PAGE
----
As a new alternative of silicon HARS micromachining techniques, D. Cho et al. have developed the single-wafer Surface/Bulk Micromachining (SBM) technology as discussed in S. Lee, S. Park, and D. Cho, “A new micromachining technique with (111) silicon,” Japanese Journal of Applied Physics, vol. 38, pp. 2699-2703, May 1999; S. Park, S. Lee, S. Yi, and D. Cho, “Mesa-supported, single-crystal microstructures fabricated by the surface/bulk micromachining (SBM) process”, Japanese Journal of Applied Physics, vol. 38, pp. 4244-4249, July 1999. S. Lee, S. Park, and D. Cho; “The surface/bulk micromachining (SBM) process: a new method for fabricating released microelectromechanical systems in single crystal silicon,” IEEE/ASME J. Microelctromech. Syst., vol. 8, no. 4, pp. 409-416, Dec. 1999; S. Lee, S. Park, and D. Cho, “Surface/bulk micromachining (SBM) process and deep trench oxide isolation method for MEMS,” in Tech. Dig. IEEE Electron Devices Meeting (IEDM'99), Washington, D.C., December 1999, pp. 701-704; and D. Cho, S. Lee, S. Park, “Micromachanical System Fabrication Method Using (111) Single Crystalline Silicon,” U.S. Pat. No. 6,150,275, November 2000. The SBM technology can fabricate released structures of single-crystalline silicon without using the intermediate oxide layer or wafer bonding. In addition, the footing phenomenon does not occur in this process.
 Secondly, conventional isolation methods used in a micromechanical system are as follows.
FIG. 1 shows process steps in the conventional isolation process known as the single crystalline reactive etching and metallization (SCREAM) process. The SCREAM isolation process is performed on a structure fabricated by the SCREAM micromachining technique in the manner discussed in U.S. Pat. Nos. 5,563,343; 5,198,390; and K. A. Shaw, Z. L. Zhang, and N. C. MacDonald, “SCREAM I: A Single Mask, Single-Crystal Silicon, Reactive Ion Etching Process for Microelectromechanical Structures,” Sensors and Actuators A, Vol. 40, pp. 63, 1994. Plasma enhanced chemical vapor deposition (PECVD) covers all surfaces of a micromachined structure with an oxide film. Selective deposition of metal film on the structure forms electrodes and electrically conducting paths on top of the PECVD oxide film so that the PECVD oxide film separates the electrodes from the silicon substrate. In this SCREAM process, electrical isolation of the electrodes is achieved by depositing the metal film only on the top and the side surfaces of microelectromechanical structures that are covered by the PECVD oxide film.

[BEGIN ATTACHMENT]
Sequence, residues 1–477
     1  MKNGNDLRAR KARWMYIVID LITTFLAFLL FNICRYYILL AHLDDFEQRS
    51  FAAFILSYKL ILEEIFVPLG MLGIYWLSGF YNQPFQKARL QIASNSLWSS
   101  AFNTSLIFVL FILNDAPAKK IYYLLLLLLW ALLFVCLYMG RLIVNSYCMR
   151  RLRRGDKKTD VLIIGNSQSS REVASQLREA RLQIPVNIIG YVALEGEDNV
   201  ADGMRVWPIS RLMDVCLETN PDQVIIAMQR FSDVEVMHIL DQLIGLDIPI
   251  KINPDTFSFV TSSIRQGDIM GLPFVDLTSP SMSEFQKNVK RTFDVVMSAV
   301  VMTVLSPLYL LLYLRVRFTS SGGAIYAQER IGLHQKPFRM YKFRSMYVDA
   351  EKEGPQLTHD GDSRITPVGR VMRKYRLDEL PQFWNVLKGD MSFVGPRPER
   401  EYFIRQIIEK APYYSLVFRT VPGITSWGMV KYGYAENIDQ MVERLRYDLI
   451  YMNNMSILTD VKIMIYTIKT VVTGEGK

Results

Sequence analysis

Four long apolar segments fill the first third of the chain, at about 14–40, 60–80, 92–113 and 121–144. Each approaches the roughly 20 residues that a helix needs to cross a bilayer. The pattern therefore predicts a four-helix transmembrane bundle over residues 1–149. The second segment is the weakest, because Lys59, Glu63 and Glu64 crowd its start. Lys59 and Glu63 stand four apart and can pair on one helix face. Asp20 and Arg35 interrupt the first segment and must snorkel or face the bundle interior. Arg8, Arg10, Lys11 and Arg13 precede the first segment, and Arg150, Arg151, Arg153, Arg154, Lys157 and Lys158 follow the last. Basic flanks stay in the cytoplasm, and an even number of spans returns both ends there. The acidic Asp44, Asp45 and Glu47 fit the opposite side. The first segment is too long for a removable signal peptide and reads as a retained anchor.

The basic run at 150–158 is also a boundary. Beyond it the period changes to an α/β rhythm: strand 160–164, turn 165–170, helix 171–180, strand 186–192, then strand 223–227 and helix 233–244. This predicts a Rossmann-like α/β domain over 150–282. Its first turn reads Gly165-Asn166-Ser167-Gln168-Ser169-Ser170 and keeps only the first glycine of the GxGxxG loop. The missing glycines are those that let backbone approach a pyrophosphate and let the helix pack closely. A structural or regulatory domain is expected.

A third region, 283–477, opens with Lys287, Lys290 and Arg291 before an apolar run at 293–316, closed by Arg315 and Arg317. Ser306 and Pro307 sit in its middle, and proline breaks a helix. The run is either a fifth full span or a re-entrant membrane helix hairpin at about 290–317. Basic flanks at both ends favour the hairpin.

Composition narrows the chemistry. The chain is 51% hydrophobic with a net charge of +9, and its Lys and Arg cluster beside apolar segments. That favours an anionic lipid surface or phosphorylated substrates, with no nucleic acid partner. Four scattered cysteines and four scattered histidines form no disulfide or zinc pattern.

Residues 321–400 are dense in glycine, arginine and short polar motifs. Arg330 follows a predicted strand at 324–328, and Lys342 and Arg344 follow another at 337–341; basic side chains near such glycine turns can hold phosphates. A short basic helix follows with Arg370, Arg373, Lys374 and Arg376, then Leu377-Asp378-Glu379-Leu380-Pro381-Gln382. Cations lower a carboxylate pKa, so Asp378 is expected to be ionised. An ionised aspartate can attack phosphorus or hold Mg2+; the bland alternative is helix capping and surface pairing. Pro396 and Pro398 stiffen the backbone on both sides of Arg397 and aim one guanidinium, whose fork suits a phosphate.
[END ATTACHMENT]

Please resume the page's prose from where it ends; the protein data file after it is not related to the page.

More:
The SCREAM isolation process has the advantage of being relatively simple in not requiring separate photolithography and etching steps once the structure is fabricated using the SCREAM micromachining technique. On the other hand, the coverage achieved in the deposition of the metal film is generally poor and hence the SCREAM isolation process typically cannot be applied. to tall structures having a high aspect ratio. It should be noted that, if a metal or other material is deposited that has good step coverage, such as metal films deposited by low pressure chemical vapor deposition (LPCVD), all electrodes and microelectromechanical parts are electrically connected, and hence, electrical isolation is not achieved.